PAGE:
This photo was pasted into a treasured binder before we had better adhesives! Dad and his identical twin brother, Jack, were part of the 936th Armored Field Artillery Battalion, Battery C, in Korea. (Click link above for photos.)* Their mother’s handwriting scrawls across the snapshot. She wrote “Jack and Joe”…though Joe is on the left. Grandma was 43 when the twins were born, and she was a 64-year-old widow as they began their tour of duty in Korea…the last of her four surviving sons to serve in and return from war.
The young men from Rogers, AR, National Guard gathered to pose for a group photo in front of the National Guard Armory before leaving to become Battery C. Their high school football rivals, “Bentonville boys,” were Battery A…between them, these young men served as two of the three large-gun firing batteries. They left on a special troop train from Frisco Station in Rogers, with 444 total young men from five local towns for boot camp in Fort Carson, CO, on August 21,1950…three weeks before Jack and Joe were 21 on September 15.
Dad rushed back on a short leave and married Mother in a small family ceremony on Veteran’s Day, 1950. Mother made all of her clothing, including the dress she wore for her wedding. Their marriage photo was taken by Dad’s older brother, Hubert, who had been a photographer in WWII and was a successful studio owner in downtown Rogers.
Jack had married earlier, and my Aunt Pat waited for his return with her tow-headed toddler, Debbie.
Dad never really talked about his time in Korea, and I don’t think Jack said much either. Evidently, Uncle Jack was in charge of the largest gun for Battery C and once lost a truckload of much needed shells to Battery A in a long-night poker game. I’m not sure that Jack would be excited for anyone to know about his temporary losing streak, but Battery A was forward of Battery C and much in need of C’s backpiled ammunition.
My brother recently found Jim Rakes’ excellent book, My Benton County Hero, which is a first-hand account of their Korean experiences. From Jim’s book I learned that Dad was technically AWOL when he traveled back to Rogers to marry Mother…though it was not an uncommon practice under some commanding officers, it was more than the 250 miles standard allowance for an off-base pass.
Mother returned to Fort Carson with Dad after their wedding. Several other wives were there, and they came back to Rogers when their husbands shipped out. She kept colorful postcards of the Garden of the Gods and other attractions. Until I read Jim Rake’s account, I had never realized how much mystery and lack of information there was about where the young men were going. As Mother and the other wives traveled back with memories and small treasures to hold, they had no real idea what lay in store for their husbands.
There weren’t a lot of places for entertainment in our small town. Several of the wives were expecting babies. They might walk in twos or small groups to visit, sometimes meandering around town in their maternity smocks on warm evenings in the spring and summer of 1951. Mother mentioned walking with Dot Watkins and others. I was born on September 12.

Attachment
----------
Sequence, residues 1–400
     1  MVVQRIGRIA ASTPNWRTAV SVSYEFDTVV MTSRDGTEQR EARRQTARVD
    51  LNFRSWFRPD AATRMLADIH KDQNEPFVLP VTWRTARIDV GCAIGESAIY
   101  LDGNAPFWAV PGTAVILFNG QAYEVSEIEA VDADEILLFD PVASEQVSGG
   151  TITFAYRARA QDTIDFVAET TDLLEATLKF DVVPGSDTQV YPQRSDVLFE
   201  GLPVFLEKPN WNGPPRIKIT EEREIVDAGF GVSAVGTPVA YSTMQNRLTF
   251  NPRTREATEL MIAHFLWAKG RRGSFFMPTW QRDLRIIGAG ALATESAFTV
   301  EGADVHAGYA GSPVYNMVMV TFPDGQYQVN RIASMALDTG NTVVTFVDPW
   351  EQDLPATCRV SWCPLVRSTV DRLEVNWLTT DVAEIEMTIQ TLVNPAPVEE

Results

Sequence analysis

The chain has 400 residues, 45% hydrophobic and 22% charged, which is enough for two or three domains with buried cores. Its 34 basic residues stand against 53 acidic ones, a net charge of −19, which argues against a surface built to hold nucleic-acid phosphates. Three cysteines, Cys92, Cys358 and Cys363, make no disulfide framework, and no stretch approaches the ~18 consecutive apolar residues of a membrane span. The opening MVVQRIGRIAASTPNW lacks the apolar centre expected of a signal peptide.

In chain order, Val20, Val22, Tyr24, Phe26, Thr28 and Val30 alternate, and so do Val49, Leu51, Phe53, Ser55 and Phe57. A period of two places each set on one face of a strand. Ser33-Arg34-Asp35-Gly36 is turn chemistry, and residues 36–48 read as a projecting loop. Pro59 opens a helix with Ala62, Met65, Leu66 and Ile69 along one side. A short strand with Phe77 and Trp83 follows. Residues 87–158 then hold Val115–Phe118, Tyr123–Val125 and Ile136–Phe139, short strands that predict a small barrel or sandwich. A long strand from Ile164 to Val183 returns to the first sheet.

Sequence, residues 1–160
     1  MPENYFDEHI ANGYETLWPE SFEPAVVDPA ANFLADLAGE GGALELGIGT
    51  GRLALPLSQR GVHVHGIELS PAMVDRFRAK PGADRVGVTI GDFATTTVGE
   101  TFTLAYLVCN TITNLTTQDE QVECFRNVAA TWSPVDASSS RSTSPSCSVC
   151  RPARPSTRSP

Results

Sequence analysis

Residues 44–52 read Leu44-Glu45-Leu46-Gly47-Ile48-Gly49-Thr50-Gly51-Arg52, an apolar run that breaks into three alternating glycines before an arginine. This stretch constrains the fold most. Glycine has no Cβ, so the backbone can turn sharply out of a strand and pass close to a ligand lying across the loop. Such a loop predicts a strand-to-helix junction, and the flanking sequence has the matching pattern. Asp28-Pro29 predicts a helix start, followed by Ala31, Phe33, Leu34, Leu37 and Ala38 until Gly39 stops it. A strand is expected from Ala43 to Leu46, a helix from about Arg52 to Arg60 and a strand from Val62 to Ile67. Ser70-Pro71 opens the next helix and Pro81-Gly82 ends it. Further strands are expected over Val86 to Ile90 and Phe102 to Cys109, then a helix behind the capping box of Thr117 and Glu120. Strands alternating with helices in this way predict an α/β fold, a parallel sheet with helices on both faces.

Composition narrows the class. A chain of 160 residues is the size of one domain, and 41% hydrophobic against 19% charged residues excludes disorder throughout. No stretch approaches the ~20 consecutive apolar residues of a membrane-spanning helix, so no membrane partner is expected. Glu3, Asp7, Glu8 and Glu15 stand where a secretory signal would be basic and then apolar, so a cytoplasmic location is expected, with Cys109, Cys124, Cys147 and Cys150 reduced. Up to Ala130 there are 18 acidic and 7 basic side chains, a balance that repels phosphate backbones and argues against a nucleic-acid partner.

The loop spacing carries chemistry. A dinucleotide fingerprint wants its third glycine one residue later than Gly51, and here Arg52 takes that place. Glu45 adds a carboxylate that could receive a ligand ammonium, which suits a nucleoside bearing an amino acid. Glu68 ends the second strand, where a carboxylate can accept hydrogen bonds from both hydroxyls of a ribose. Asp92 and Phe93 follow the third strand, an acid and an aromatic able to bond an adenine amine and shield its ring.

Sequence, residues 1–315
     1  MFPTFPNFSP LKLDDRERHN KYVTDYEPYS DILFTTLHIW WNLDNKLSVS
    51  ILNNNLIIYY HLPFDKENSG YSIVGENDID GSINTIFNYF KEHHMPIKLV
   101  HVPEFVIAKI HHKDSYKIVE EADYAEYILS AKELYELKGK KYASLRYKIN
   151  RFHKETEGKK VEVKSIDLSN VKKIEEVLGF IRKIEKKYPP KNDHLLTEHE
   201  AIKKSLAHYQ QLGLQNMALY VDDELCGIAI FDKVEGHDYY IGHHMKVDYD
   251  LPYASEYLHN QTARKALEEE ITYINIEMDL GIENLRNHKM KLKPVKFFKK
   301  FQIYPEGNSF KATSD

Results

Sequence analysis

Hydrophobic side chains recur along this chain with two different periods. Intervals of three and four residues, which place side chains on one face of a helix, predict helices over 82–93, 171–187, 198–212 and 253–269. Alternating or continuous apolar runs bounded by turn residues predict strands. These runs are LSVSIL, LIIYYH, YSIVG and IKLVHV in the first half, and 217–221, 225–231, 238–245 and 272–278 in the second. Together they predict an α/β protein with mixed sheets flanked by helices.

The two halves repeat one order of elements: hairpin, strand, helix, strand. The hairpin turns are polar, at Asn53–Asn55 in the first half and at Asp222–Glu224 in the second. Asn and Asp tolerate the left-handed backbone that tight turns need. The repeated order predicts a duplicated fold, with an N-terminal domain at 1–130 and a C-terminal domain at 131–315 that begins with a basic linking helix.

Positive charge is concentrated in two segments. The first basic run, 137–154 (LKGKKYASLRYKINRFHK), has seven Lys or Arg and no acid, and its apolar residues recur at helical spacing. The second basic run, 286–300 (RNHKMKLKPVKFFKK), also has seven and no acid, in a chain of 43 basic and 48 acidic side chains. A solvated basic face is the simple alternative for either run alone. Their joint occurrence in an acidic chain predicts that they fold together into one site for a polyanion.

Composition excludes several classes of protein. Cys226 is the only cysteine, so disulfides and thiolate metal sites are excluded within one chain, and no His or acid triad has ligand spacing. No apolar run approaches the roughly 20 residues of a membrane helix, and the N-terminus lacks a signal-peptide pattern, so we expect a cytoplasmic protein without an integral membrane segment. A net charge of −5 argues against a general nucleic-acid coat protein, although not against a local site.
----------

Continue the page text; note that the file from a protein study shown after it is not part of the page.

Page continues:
While I’m sure everyone made the best of circumstances, many situations were far from ideal. Mother was 18 and expecting her first child while her new husband was sent to war. She lived with a friend, because her father had not approved of her decision and disowned her when she married. She prepared for my arrival, attended Cosmetology College to become a Beautician (her life-long career) and waited for news.
I recently found a photo that Mother had taken of my baby clothes, pinned on a line to dry. She noted on the back “First wash of Becky’s baby clothes to show her daddy in Korea.”
One of my favorite stories tells about the first mail bag to arrive in Rogers. C Battery had been gone for weeks, and not a single letter had been received from the men.
Finally, six weeks after they left Fort Collins, a mail bag arrived at the Rogers Post Office. It was evening shift. Here’s how I heard the story:
The postal employee recognized the bag and realized these were the prayed-for letters. He said something like, “Those girls (wives, sweethearts and mothers) will not wait until tomorrow.” He knew that many would be viewing a movie at the downtown Victory Theater. He loaded the bag, drove over to the theater and handed out the mail to those who were present. I believe Mother was there that evening.
When Dad returned from Korea, they pulled a drawer from the polished, Cherry-wood desk that had been Grandma’s high-school graduation gift. Long before the days of padded infant seats, this was my bassinette as they drove to Fort Smith to secure Dad’s honorable discharge papers.
I highly recommend Jim’s book, My Benton County Hero, to anyone whose family member served in the Korean War. If you’re from NW Arkansas and can add to or correct anything in this post, please comment.
*Non-profit Korean War Project online: you may use the database or become a supporting member of the most complete records from the Korean war at this URL: http://www.koreanwar.org/html/membership.html